Psychosocial factors related to diet among women with recent gestational diabetes: Opportunities for intervention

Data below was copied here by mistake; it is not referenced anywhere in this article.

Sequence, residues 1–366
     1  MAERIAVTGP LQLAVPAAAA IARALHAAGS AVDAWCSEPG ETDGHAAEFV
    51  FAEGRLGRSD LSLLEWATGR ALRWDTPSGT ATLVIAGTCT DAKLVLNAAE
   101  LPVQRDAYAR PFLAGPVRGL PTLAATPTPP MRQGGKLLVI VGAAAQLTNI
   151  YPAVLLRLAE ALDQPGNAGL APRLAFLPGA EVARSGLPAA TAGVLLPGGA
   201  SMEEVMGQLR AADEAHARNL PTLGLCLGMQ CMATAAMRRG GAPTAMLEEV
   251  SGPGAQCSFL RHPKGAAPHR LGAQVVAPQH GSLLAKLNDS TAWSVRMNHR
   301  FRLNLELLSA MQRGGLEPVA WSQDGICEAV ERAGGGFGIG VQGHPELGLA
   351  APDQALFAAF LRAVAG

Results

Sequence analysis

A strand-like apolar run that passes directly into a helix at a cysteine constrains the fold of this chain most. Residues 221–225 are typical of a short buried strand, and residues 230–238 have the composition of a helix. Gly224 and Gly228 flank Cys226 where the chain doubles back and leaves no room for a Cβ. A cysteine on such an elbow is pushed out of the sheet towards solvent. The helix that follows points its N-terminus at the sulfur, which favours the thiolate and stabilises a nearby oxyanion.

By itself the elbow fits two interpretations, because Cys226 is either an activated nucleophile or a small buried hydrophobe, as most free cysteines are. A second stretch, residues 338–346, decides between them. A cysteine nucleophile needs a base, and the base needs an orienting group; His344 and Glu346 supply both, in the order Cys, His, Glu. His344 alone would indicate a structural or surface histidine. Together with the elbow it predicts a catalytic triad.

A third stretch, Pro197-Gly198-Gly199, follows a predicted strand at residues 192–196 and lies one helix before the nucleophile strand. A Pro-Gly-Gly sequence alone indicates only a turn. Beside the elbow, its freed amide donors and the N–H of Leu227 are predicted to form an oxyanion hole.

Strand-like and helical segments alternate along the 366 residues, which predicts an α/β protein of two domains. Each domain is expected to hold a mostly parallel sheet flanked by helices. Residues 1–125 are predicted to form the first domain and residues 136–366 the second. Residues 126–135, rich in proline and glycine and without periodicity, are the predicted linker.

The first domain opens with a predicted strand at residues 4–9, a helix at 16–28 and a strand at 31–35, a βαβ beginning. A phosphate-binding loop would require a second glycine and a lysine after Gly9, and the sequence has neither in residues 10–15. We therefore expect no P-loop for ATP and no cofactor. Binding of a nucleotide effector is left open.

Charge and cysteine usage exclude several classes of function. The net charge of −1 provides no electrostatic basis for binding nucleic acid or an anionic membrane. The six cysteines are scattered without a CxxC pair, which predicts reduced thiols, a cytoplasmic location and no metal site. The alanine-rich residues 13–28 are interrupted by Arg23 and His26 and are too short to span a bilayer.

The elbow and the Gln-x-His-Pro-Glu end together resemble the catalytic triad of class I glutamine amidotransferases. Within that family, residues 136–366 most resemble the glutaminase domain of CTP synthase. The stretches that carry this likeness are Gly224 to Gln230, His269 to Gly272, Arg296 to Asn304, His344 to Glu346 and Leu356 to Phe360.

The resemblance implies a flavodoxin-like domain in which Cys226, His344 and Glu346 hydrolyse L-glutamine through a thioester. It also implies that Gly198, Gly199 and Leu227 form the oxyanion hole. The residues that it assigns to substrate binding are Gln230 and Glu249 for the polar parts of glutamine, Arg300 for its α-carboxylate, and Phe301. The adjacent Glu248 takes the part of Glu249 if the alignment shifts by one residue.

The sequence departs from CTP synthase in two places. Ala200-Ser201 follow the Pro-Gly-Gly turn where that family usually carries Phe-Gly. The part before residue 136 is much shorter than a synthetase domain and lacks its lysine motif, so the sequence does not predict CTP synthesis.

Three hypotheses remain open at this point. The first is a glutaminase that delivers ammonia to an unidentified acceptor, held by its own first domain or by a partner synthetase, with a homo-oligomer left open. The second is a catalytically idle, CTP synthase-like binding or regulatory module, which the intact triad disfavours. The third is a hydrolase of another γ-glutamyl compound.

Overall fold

Purpose This study investigated postpartum dietary behaviors among women with recent gestational diabetes mellitus (GDM), the cognitive and social factors related to these, and preferred types of lifestyle support, in order improve the development of diabetes prevention strategies for this group. Methods Participants were a random sample of 226 women diagnosed with GDM in the prior 6 to 24 months. Telephone surveys were used to evaluate dietary behaviors, self-efficacy, social support, perceived barriers to healthy eating, and preferred methods of lifestyle support. Results Only 5% of the respondents consumed 5 servings/day of vegetables and 44% consumed 2 or more servings/day of fruit. Fried food was eaten at least twice per week by 26% of women and 50% usually consumed full-fat milk. Higher vegetable consumption was associated with self-efficacy to cook healthy foods, reporting that a healthy diet is not a difficult change and that dislike of healthy foods by other household members is not a barrier. Fruit consumption was positively related to self-efficacy when busy and when not reporting a dislike of healthy foods by others at home. Advice from a dietitian and telephone support from a health educator were the most preferred forms of health assistance. Conclusions Dietary risks factors are prevalent among women with recent GDM. Confidence and skills in cooking healthy foods, along with family food preferences and time pressures, are important influences on eating habits. Dietary change programs, informed by the beliefs and circumstances of this high-risk population, need to be developed.